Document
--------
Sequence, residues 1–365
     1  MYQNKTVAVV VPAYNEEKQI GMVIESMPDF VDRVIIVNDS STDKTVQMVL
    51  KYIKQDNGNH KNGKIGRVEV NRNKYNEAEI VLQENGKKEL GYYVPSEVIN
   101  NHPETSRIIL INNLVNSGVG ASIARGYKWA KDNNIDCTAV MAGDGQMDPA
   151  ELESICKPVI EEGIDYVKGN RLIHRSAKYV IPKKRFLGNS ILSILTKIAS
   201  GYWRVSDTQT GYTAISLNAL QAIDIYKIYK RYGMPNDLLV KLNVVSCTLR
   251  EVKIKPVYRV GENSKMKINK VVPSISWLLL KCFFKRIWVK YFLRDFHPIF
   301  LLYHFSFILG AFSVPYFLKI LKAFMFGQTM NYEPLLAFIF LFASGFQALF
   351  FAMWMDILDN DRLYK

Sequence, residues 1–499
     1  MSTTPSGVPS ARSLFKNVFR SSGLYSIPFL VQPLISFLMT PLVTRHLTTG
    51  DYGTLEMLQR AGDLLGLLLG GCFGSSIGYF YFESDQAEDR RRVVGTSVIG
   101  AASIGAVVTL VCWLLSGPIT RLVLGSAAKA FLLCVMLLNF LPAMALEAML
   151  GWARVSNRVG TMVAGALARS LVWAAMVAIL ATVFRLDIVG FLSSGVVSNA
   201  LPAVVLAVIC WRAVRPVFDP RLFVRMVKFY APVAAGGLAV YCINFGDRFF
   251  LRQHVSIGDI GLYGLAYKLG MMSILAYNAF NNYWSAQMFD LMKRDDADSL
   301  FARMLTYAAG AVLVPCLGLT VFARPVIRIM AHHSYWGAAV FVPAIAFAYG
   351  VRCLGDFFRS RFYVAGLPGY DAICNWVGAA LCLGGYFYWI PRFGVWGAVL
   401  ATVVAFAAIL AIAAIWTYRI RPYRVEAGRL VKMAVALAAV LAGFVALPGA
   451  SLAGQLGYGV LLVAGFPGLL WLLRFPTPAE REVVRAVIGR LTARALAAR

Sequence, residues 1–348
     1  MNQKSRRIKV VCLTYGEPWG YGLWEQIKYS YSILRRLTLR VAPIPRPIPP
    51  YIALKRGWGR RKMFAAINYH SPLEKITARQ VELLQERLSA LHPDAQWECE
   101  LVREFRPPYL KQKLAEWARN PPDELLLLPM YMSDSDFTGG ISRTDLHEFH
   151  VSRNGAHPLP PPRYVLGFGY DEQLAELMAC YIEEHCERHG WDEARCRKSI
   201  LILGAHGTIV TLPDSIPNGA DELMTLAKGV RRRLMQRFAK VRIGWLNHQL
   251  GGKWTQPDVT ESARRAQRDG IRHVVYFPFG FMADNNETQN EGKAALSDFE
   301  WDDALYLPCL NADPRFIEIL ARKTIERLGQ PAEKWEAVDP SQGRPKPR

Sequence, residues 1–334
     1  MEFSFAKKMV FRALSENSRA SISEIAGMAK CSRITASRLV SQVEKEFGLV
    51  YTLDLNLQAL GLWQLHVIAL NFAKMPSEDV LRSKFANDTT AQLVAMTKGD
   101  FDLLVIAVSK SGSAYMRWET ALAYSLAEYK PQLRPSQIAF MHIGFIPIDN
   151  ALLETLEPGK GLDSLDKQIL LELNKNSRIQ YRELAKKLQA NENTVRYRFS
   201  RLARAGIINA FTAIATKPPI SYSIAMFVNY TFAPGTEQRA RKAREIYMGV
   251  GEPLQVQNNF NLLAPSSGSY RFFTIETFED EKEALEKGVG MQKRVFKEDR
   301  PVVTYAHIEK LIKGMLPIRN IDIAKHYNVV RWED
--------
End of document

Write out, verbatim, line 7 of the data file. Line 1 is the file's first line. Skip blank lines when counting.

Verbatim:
   251  EVKIKPVYRV GENSKMKINK VVPSISWLLL KCFFKRIWVK YFLRDFHPIF